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Old Sep 12, 2010, 05:11 AM
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Joined Sep 2010
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newbie, first flight, first crash, a (lengthy) review

hey all, new to the forum and the hobby!

had some spare money a few weeks ago and wanted to try something new, bought myself an Electrafun XP2 (I think it's mostly common here in Australia) ... 3ch trainer / park flyer (throttle, elevator, rudder, high dihedral, high wing pusher prop).

Did an hour or two on simulators (FMS and Clearview) - got used to the controls, landing etc.

Took her out for a maiden flight yesterday, probably a little too windy (ribbon on the antenna was hovering around 45 degrees) but i went for it anyway (it comes with a spare wing and tail plane assembly!)

So i plug in the batteries, trim by eye as best I can, deep breath, throttle at 75%, shoulder height firm throw into the wind .... oh my goodness it's in the air ... it heads off shakily forward and up (so far so good), i give it more throttle and some elevator (i think, was a tense moment!), it's off into the sky, i rudder stick left, it seems to turn, and dive a little, i give it too much elevator and she climbs higher (too much throttle too i suspect) ... not too panicky at this stage, suns in my eyes but that's okay.

I back off the throttle, try and execute my plan of flying a 4 sided box but she's climbing and not really turning 90 degrees like i hope. everythings still okay, it's gone waaay up in the air but i appear to mostly be in control. I fly her around for a few minutes, trying to lose a little height by killing the throttle and down elevating a little, she's catching some wind at times and gaining altitude but eventually coming down.

crash #1.

when she comes down to a more respectable height I think my plan was to try for landing, i fly her past me from right to left, bank a turn and ... oh crap she just nose dived hard into the ground. Not entirely sure what happened, i think i turned too sharp too low (went into a dive) and didn't correct with the elevator in time. no big deal, no damage so I launch again.

(insert 2-3 mins of flying)

crash #2.

everythings great, she's still very wobbly but i think i'm bringing her around for the final run to a landing ... BANG ... she hits an invisible tree and stops .... oh crap. takes me a minute or two to get her out, one side of the wing has bent up at around 90 degrees and the pusher prop has taken a big bite off the wing.

decide against rigging up the spare wing which comes with it and will wait for a less windy day.

post flight summary:

i'm not TOO disappointed with the first flight, i did manage around 5 minutes in the air which was better than my worst expectation. Doesn't seem like any damage expect for the wing (they are available after marker on their own for a small fee as well). Would have liked to at least perform a real landing but considering it probably was too windy, and i obviously was too close to trees (silly me) it has definitely not scared me off!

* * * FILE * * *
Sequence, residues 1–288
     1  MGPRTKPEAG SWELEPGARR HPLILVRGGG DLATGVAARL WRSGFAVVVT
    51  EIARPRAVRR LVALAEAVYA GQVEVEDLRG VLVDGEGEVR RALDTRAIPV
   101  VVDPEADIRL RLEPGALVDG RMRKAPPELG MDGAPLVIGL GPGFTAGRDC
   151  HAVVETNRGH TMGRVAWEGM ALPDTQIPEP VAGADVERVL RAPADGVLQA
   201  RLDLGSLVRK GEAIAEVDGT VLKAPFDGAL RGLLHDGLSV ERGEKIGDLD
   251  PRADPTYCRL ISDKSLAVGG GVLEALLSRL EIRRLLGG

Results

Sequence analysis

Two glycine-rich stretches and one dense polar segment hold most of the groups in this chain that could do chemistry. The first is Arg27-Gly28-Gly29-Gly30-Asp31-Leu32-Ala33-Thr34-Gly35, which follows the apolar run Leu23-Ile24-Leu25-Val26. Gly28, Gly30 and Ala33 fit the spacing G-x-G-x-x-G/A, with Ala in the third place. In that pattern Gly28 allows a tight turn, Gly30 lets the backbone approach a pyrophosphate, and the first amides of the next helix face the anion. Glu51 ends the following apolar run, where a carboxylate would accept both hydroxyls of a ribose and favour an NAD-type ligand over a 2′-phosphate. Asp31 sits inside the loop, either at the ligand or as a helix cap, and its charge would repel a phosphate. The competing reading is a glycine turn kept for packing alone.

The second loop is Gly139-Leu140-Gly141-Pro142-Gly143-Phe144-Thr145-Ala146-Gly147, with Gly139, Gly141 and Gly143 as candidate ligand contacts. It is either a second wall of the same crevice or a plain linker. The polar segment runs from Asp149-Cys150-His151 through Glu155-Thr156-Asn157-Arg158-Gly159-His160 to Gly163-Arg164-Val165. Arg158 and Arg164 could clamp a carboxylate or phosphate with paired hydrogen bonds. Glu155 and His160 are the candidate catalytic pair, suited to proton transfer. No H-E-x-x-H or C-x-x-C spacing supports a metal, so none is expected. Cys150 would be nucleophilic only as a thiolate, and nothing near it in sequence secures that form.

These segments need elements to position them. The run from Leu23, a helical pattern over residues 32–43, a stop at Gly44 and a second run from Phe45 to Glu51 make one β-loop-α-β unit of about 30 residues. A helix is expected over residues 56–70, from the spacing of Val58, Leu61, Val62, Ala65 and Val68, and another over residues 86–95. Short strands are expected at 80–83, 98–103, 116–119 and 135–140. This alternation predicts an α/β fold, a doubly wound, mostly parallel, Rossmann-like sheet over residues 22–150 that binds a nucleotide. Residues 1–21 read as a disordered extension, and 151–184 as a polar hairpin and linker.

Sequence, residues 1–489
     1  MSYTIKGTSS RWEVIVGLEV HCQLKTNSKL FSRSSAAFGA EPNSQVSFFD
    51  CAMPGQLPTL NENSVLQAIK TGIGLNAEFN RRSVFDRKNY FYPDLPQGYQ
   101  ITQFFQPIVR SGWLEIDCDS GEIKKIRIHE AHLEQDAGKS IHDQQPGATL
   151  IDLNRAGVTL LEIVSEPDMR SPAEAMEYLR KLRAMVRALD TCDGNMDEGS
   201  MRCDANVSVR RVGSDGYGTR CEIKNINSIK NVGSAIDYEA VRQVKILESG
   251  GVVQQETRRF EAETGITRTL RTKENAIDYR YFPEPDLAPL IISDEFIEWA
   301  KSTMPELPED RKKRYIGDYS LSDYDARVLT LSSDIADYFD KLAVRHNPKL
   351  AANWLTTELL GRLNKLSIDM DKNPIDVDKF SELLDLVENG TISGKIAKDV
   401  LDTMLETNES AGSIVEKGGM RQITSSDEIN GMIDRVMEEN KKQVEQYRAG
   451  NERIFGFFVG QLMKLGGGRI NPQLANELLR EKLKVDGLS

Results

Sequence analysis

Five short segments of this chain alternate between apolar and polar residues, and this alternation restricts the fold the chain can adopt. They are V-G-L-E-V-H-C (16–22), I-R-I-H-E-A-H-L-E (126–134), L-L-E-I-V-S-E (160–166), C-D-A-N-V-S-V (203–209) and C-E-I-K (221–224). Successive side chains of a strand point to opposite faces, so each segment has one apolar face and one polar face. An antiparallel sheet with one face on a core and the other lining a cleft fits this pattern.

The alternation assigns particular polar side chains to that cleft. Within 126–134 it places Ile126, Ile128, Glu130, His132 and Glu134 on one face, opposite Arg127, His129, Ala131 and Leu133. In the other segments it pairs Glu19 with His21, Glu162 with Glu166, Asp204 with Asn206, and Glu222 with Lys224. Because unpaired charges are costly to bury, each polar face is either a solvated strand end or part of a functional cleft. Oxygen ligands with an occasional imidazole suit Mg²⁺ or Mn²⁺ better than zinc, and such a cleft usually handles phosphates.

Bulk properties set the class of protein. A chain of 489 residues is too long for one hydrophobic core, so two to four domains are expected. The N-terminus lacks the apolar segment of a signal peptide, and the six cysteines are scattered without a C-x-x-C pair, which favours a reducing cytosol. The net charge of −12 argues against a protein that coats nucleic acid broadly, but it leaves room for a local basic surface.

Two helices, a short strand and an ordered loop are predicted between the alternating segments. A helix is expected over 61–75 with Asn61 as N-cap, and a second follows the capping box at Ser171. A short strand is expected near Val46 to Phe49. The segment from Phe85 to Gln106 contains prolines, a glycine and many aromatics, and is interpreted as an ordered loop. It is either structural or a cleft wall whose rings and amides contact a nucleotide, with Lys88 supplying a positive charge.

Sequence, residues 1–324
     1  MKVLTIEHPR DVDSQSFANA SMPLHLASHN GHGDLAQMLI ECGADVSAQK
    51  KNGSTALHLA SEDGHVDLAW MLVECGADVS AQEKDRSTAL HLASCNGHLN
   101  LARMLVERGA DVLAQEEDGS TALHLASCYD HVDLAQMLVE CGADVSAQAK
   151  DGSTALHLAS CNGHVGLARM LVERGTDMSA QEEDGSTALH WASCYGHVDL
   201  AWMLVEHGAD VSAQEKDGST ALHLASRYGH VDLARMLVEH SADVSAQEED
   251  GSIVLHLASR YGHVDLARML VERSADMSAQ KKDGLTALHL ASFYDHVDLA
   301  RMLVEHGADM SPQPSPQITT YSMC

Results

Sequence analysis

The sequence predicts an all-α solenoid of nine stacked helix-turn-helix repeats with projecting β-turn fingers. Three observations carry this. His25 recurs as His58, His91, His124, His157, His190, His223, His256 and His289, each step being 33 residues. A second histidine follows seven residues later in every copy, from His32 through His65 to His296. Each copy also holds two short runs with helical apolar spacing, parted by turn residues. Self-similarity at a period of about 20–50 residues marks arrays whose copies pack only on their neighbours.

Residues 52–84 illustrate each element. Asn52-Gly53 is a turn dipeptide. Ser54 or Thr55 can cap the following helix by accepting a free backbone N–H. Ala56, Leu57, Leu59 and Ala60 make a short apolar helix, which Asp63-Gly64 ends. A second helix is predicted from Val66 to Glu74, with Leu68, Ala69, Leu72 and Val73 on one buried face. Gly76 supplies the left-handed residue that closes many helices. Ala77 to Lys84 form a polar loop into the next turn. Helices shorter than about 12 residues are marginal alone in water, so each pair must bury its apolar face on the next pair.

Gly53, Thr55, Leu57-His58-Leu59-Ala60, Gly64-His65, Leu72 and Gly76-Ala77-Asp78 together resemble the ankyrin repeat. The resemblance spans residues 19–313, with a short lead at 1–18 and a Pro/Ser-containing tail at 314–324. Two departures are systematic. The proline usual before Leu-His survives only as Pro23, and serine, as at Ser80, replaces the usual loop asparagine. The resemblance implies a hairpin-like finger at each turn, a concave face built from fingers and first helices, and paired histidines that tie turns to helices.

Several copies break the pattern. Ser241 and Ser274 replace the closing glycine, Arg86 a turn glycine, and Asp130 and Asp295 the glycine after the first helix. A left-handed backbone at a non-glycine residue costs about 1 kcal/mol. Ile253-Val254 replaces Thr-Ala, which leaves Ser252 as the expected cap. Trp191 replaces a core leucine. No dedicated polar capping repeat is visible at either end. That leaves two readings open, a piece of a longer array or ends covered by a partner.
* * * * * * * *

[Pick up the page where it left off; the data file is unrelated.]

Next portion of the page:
my main concerns was i always seemed to be slightly out of control (wind, nerves, trim ???) and never got a chance to do an in flight trim (was too wobbly, i was too nervy etc).

cheers,

Al.
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Old Sep 12, 2010, 06:18 AM
Da' Cajun
Boogie_'s Avatar
Lake Charles, Louisiana
Joined Jun 2009
2,876 Posts
5 mins. in the air? sounds like you did awesome Al!

Of course, the calmer the wind the better.
Next time out make your goal trimming her out for hands off straight and level flight.

On your second flight it sounds like your stalled it on the final turn.
Make your turns gentle, wide and flat. Try to keep the model from banking too much.
Basically what you want try to do is just "adjust" the trim settings with the stick and fly the pattern.

And on final approach keep the nose down until it's about 1 meter off the ground then slowly feed in some elevator and flatten out the glide.


Hope this helps.

Julian
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Old Sep 12, 2010, 06:30 AM
Bye Bye VP Aug 2010 - Aug 2012
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United Kingdom, London
Joined Jan 2005
5,992 Posts
Al, crash #1. sounds like a downwind stall.

You might find this useful:

http://www.bmfa.org/publications/fil...02FullBook.zip

Quote:
BRIEFING 3 - THE EFFECT OF WIND ON THE AIRCRAFT IN FLIGHT

There is probably more nonsense talked and written on this subject than any other connected with the practical side of flying! In reality, the matter is very simple - it is just that so many people find it hard to accept.

Provided that your flying area is clear of vertical obstructions (houses, trees, hedges, hangers etc.) the wind will blow fairly steadily from a constant direction once the aircraft is above about 50ft. Below this height, and depending on the surface of your flying site and the proximity of obstructions, there will be some turbulence both vertical and lateral.

Once you understand this principle you will see that a turn from an into wind heading to crosswind will appear to be a fairly sharp turn when seen from the ground and a turn from downwind to crosswind will appear to be slow and elongated. You must accept these visual effects for what they are and remember at all times that if you have not altered your throttle setting and the aircraft is at constant height then your airspeed is constant and the aircraft is in no danger of stalling.